The ways we choose to communicate are constantly changing. This appears to be especially true regarding the way we send messages to each other. WhatsApp, Messenger, Snapchat, Slack are a few new messaging apps that have gained relevance recently. It seems that every day there is a revolution in the way we string a few words together and send them to someone else, each claiming they have the best way to ask your friend if they want to get lunch. But what about text messaging? Is it destined to be replaced entirely by messaging apps in 2018? Or is it still alive and well?
In short, Texting is still alive and well. Approximately 8 trillion texts are sent every single year, with an open rate that holds steady at 99% and a response time that is typically under 3 minutes. 33% of Americans prefer texting to any other form of communication, and it is the most used form of messaging for Americans under the age of 50. It is not going out on a limb to say that texting is one of the most popular ways of communication in the U.S., but what about the rest of the world?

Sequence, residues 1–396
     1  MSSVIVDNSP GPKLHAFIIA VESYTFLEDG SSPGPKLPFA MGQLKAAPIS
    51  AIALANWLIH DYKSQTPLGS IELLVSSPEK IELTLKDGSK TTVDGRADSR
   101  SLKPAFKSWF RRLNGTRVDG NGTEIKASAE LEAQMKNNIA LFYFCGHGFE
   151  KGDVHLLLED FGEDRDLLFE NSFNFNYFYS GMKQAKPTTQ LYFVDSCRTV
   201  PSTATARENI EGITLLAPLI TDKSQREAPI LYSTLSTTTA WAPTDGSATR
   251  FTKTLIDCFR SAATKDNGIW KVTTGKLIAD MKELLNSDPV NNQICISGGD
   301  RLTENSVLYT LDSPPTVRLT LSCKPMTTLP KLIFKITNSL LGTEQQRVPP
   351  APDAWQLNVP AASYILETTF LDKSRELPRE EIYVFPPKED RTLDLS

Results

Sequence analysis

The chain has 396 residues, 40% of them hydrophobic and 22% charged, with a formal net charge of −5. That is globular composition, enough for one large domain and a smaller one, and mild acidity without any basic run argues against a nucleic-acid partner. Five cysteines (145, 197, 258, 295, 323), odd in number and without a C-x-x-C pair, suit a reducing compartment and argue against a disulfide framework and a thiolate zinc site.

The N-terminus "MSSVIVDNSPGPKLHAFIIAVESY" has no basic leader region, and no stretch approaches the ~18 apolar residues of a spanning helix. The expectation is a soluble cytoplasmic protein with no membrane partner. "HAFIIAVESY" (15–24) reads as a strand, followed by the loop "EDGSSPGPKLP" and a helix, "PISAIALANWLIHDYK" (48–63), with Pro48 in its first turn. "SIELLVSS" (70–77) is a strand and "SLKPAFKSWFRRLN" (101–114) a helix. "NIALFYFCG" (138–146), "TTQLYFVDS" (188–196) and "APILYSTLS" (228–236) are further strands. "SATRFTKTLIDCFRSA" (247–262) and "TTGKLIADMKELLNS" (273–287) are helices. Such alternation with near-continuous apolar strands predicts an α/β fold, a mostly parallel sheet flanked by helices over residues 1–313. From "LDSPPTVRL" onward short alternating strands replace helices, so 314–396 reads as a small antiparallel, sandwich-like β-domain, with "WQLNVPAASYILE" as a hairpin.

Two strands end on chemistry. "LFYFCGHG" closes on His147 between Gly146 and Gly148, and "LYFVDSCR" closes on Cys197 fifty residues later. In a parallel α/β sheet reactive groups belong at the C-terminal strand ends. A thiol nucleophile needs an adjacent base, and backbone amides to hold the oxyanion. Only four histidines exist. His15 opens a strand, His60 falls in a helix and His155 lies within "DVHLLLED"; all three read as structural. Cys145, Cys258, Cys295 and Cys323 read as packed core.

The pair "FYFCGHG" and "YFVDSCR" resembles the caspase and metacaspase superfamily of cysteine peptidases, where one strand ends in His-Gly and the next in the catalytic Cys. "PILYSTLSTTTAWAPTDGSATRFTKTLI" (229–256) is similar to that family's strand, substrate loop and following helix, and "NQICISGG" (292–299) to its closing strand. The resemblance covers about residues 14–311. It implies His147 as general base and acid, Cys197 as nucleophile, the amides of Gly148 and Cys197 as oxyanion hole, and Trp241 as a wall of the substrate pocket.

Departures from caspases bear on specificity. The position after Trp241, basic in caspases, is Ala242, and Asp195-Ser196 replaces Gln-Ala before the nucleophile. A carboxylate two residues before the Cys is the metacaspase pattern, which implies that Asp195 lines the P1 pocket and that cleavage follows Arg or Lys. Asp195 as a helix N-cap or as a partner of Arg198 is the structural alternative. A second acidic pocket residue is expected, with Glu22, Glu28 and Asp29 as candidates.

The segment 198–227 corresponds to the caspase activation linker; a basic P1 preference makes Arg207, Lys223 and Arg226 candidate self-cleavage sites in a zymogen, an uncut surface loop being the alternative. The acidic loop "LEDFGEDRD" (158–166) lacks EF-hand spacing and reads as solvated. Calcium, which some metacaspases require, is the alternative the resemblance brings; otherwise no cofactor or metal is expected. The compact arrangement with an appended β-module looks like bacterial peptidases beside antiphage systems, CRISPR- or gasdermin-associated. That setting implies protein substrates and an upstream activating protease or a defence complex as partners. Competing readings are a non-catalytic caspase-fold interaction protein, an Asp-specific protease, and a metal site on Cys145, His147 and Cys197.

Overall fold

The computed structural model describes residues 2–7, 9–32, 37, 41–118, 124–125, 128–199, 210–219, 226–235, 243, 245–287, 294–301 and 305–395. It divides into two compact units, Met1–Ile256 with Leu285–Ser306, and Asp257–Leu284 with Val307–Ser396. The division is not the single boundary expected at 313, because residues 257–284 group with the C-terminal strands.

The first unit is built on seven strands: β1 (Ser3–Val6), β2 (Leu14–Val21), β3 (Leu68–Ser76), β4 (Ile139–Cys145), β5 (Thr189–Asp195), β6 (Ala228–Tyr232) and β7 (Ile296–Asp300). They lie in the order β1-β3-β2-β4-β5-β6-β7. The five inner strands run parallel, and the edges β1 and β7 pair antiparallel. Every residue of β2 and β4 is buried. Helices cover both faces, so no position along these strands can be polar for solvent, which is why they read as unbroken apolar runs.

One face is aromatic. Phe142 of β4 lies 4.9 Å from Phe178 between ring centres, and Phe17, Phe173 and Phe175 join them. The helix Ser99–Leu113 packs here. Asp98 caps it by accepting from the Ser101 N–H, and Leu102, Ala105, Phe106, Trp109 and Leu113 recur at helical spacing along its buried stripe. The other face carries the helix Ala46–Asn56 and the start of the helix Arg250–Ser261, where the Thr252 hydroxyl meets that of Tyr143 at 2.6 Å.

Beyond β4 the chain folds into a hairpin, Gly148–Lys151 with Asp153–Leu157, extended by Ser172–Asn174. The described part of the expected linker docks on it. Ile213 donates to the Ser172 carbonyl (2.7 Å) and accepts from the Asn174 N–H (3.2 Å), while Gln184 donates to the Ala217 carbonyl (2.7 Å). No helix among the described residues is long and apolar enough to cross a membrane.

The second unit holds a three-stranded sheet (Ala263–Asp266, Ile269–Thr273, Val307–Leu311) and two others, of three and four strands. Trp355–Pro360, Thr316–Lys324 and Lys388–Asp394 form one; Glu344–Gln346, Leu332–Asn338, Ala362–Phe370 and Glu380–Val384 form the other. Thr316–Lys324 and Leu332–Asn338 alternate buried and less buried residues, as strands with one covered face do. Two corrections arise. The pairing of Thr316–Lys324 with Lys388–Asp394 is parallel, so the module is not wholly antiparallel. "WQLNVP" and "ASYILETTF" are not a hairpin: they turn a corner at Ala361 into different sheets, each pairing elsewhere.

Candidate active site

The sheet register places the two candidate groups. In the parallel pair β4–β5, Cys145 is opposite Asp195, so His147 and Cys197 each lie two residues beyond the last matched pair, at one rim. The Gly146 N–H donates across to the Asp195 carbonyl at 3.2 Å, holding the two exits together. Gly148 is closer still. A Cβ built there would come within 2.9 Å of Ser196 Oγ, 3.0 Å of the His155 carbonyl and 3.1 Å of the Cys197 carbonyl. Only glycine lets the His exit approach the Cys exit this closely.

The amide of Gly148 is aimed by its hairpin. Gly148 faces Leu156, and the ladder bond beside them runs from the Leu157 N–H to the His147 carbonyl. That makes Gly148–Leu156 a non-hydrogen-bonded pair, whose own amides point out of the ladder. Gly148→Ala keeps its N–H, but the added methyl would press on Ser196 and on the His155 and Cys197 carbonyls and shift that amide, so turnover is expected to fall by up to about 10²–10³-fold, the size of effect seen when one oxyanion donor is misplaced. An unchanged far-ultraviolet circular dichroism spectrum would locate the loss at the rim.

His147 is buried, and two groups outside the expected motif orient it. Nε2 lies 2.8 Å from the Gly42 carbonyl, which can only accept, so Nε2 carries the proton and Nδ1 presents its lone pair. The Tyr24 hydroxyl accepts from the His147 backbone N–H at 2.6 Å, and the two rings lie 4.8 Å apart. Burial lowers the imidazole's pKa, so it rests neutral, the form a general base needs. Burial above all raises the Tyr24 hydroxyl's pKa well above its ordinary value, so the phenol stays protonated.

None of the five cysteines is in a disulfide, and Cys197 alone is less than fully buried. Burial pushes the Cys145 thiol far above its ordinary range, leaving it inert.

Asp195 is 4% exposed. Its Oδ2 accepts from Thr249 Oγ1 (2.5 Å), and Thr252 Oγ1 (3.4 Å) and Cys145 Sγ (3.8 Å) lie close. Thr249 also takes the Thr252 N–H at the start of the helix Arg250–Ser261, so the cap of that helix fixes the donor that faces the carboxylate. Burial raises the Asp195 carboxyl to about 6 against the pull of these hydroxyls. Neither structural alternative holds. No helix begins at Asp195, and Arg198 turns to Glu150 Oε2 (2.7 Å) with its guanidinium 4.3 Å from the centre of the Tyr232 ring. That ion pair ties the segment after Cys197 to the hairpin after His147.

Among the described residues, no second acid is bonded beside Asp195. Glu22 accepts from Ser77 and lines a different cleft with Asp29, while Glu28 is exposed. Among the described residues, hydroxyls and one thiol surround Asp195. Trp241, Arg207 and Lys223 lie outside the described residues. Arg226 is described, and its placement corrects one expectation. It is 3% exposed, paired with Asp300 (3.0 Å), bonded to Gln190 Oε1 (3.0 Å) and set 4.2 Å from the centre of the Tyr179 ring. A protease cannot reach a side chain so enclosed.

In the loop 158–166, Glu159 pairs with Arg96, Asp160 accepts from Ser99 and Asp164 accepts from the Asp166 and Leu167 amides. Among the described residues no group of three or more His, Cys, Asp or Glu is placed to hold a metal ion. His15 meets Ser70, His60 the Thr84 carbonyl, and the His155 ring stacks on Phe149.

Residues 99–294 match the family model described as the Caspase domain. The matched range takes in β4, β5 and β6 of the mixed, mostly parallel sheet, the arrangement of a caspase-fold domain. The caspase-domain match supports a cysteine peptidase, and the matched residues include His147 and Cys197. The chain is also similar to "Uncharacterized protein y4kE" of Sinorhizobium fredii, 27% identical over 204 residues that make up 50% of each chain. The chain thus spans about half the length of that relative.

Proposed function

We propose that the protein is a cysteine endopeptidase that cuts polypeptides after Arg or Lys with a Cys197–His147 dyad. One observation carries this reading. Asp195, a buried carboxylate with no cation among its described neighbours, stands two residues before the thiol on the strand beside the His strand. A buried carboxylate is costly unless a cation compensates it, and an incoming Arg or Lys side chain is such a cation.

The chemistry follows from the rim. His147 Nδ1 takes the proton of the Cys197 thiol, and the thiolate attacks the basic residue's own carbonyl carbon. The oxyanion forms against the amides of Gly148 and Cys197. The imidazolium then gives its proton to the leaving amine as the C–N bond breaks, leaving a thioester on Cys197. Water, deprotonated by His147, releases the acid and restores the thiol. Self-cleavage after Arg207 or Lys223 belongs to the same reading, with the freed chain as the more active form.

This answer is not as cut and dry. In countries that still have a developing economy with unreliable Internet access, text messaging remains the primary means of communication. Meanwhile, in many smaller countries like those in Europe, texting holds strong, but messaging apps such as WhatsApp are gradually gaining more relevance. This can be attributed to different laws and costs associated with text messaging in each country. In China, WeChat dominates the marketplace, primarily because of its voice messaging features, which are well liked by Chinese consumers.
So where does text messaging go from here? While some countries may be shifting preferences to messaging apps that leverage messaging through the Internet, SMS still has a long and happy life ahead. It is quick, does not require an app download or connection to the Internet, and continues to be the communication method of choice in hundreds of countries worldwide. It’s safe to say the world will be texting for a long time.
Interested in learning how the popularity of text messaging impacts recruiting communication?